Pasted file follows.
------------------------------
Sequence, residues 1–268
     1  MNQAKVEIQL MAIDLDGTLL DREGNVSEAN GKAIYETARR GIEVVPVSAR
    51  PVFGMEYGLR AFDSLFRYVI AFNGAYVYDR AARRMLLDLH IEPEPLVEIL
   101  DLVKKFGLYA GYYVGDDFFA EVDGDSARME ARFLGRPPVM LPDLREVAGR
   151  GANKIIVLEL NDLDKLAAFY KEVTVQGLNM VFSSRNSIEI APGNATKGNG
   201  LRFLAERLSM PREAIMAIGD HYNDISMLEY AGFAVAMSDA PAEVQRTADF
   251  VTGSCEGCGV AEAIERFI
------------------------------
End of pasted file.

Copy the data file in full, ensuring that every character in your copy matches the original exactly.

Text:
Sequence, residues 1–268
     1  MNQAKVEIQL MAIDLDGTLL DREGNVSEAN GKAIYETARR GIEVVPVSAR
    51  PVFGMEYGLR AFDSLFRYVI AFNGAYVYDR AARRMLLDLH IEPEPLVEIL
   101  DLVKKFGLYA GYYVGDDFFA EVDGDSARME ARFLGRPPVM LPDLREVAGR
   151  GANKIIVLEL NDLDKLAAFY KEVTVQGLNM VFSSRNSIEI APGNATKGNG
   201  LRFLAERLSM PREAIMAIGD HYNDISMLEY AGFAVAMSDA PAEVQRTADF
   251  VTGSCEGCGV AEAIERFI